Last week was the annual SCBWI (Society of Children's Book Writers and Illustrators) conference in LA. I was fortunate to go last year - had to miss this one - and I'm sorry I did. Their line-up of keynotes was kid lit at it's best - including, Henry Winkler (OMG! The Fonz!), Judy Blume (to die for!), Richard Peck, Laurie Halse Anderson, and Gary Paulsen among them!!! I mean, it was a smorgasbord of who's who and who's unbelievably amazing!!! Okay - I will stop swooning & get to the point.
I followed the conference via Tweets and got a definite flavor for it. One thing (among many) that stuck with me was Gary Paulsen saying, "Kill TV."
Now, Gary & I are, more or less, on the same page about TV. I turned off my cable a couple of years ago & gave away the (antiquated) TV set I had. But, there is one show I watch (online) because it's stellar story-tellling, and that is Masterpiece Mystery. (Okay, I love Alan Cumming, too!)
This past weekend, I indulged in the 1st three (and hopefully not the last!) episodes of ZEN, starring Rufus Sewell. (What is not to love about this man?!!!)
Anyway... (must stop staring at Rufus Sewell *fans self*...) Okay, the point is - Zen (based on the novels by the late British writer, Michael Dibdin) had a bit to teach about telling a good story!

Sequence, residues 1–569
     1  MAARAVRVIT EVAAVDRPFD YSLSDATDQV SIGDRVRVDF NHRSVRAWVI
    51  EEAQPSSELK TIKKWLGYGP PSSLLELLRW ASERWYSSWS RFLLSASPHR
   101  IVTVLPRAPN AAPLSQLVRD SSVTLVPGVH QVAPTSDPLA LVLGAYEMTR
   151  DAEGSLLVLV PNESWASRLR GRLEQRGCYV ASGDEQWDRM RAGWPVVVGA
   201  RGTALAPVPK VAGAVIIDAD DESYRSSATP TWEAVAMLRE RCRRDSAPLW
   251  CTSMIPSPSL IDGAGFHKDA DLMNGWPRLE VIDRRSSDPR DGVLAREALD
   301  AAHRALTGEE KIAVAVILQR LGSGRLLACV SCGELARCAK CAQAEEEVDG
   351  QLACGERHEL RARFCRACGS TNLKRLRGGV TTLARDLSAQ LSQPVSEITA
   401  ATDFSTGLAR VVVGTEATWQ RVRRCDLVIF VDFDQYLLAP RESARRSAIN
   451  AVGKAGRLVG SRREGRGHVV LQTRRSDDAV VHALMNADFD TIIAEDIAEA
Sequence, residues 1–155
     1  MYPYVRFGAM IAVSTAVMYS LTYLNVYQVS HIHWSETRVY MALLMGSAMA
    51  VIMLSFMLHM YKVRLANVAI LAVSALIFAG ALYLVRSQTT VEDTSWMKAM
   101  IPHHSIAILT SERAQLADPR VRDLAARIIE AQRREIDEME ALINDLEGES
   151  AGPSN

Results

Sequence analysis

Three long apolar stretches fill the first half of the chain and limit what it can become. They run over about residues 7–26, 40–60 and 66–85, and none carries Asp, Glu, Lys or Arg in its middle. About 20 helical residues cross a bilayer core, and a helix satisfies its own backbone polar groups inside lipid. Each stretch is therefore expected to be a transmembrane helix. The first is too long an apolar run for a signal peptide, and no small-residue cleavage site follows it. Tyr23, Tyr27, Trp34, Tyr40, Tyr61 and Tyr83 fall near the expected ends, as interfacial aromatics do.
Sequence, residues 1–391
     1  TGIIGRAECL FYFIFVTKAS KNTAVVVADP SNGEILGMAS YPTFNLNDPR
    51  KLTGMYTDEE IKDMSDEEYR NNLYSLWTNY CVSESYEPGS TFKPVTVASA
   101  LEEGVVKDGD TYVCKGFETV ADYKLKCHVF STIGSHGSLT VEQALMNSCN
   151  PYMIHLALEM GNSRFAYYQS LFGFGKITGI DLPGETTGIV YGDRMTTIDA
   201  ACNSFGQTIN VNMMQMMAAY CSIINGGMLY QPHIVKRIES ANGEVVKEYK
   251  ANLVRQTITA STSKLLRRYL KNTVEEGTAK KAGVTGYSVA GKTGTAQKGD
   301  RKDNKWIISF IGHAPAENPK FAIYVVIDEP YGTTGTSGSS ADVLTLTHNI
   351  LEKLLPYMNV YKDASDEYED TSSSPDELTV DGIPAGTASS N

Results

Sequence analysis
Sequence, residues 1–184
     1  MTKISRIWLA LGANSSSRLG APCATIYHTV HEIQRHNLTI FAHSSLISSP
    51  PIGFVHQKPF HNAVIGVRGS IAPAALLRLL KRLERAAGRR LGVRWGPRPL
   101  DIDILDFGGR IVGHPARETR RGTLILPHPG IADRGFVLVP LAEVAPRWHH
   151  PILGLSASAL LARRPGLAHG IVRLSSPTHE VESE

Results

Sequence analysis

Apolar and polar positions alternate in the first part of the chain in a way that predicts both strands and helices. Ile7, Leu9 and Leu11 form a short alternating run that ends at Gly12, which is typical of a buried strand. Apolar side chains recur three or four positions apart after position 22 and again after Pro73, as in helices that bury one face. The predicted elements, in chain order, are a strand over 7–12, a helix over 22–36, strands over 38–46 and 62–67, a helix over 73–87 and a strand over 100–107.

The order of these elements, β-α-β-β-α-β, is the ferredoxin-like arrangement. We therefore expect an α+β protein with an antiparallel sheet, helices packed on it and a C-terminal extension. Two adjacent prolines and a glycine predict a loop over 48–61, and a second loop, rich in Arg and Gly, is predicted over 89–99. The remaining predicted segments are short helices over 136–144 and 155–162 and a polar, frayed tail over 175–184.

I am a huge fan of good mysteries - but they have to have some depth and can't be one-dimensional. Zen did not disappoint! There were multiple levels to the crime(s), a catch-22-like predicament for our hero, romance (which, by the way, had some of the sexiest clothes-on scenes ever), and a good dose of humor. Plus, some honestly heart-pounding suspense that had me on the edge of my seat!
I intend to track down the books & read them (since BBC isn't committing to any more in the series - fingers are crossed that ITV, or someone else, picks it up) because the story-telling was so good and I've already learned a bit more about doing it well by watching these three episodes. (Which I highly recommend you do - they're online through most of August on the PBS website linked above.)
Back to Paulsen's statement about killing one's TV. A good idea, for sure - but, I suggest that if yours is still alive, and you are watching anything - be sure it's good and don't hesitate to glean what you can that will enrich your own ability to tell a tale!
So, peeps, from what other sources do you like to gather information on telling a good story?